The renewables directive is currently embroiled in wrangling between the governments of member states and the European Parliament. The parliament, led by Germany's Mechtild Rothe, is demanding binding national targets on each country for the volume of renewables in their supply portfolios. Several energy ministers and the Commission are against including fixed national targets in the directive.
The German government had hoped to achieve a 23 million tonnes annual reduction in CO2 emissions by 2010 by doubling CHP capacity. But the alliance of RWE, E.On, EnBW, HEW, Veag and Ruhrgas sharply criticised the CHP obligation. They claimed it would involve considerable bureaucracy and monitoring, that it was not clear whether there would be sufficient liquidity (trading) in the certificates market, that CHP operators could manipulate the market by strategically holding back capacity, and that large CHP plant would determine the price of certificates. An obligation, argued the utilities, also creates dependency on subsidies and does not stimulate modernisation of existing plant nor encourage technological development.
Furthermore, imposition of a purchase obligation for CHP would mean the creation of a protected market -- and that would have to be opened up to European CHP generators, argued the utilities. As a result, German consumers would be subsidising Belgian, Danish and Dutch operators, they claimed. Last but not least, a purchase obligation would raise the share of levies included in the end-price of power to the German consumer, already swelled by other obligations, to over 50%.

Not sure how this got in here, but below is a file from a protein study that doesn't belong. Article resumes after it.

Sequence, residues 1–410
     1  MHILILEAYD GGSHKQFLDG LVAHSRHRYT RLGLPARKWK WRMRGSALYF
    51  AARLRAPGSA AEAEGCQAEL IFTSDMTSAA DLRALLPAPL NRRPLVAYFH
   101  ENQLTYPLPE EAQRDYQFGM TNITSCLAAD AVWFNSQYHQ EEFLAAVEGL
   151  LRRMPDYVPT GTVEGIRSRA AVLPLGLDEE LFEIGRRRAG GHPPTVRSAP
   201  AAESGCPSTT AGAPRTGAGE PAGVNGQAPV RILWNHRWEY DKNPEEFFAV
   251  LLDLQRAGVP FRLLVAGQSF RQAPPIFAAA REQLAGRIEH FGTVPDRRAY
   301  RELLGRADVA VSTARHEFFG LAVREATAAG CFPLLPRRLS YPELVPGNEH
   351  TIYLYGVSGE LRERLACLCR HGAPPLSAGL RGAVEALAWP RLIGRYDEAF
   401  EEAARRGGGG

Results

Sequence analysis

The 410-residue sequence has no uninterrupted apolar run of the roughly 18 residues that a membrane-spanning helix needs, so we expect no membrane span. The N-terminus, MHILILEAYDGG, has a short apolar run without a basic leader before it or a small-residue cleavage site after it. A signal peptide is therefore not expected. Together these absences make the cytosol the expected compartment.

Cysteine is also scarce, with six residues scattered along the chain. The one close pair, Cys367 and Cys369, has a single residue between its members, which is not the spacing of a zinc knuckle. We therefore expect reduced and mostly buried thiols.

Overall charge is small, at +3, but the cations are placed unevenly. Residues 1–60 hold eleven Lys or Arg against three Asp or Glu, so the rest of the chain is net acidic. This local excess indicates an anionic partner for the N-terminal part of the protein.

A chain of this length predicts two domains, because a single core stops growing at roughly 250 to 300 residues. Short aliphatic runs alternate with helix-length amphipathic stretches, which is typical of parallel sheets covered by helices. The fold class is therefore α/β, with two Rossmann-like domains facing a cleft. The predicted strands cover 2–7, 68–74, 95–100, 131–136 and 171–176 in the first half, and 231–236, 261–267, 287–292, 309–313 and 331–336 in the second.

A blatant omission from the arguments of the energy majors against the CHP quota was the problem of their surplus generating capacity, some 10,000 MW. This could well have been exacerbated by a CHP purchase obligation, a fact studiously ignored in the debate. The utilities are not anxious to draw attention to their generation glut.
The energy companies had previously presented a detailed program of voluntary measures to reduce CO2 emissions by up to 45 million tonnes a year by 2010 as long as the government did not intervene with mechanisms such as the CHP obligation. The program included replacement of inefficient CHP plant. The Greens Party has since pointed out, however, that much of the voluntary "reductions" include savings already attributed to the government's climate protection program, such as expansion of renewables.
The conclusion of the ongoing debate awaits, but it looks like being a system of targeted incentives financed by electricity consumers. CHP plant operators could get a DEM 0.02-0.03/kWh bonus over a period of four to eight years for less efficient plant, and for up to 12 years for efficient plant. The big utilities have made it clear, however, that the incentives should not be used to support the construction of new CHP plant, to the annoyance of the smaller municipal utilities.
An obligation for a fixed volume of green power in the supply mix, which electricity retailers meet by trading green certificates, is the basis of new support systems for wind power in Britain, Denmark, the Netherlands and several American states. Green credit trade allows renewable energy producers direct access to main power markets and ensures that all polluters pay for green power irrespective of the geographical location of the energy source.